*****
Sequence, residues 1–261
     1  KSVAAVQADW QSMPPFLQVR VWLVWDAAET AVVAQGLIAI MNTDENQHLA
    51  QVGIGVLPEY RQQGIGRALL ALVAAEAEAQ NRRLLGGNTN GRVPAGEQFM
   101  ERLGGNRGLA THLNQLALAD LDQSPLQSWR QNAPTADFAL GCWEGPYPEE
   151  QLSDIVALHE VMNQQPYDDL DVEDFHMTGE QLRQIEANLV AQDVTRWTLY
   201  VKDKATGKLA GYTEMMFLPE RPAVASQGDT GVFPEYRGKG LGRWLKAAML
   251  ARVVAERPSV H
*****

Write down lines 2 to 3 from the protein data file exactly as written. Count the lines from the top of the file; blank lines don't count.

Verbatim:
     1  KSVAAVQADW QSMPPFLQVR VWLVWDAAET AVVAQGLIAI MNTDENQHLA
    51  QVGIGVLPEY RQQGIGRALL ALVAAEAEAQ NRRLLGGNTN GRVPAGEQFM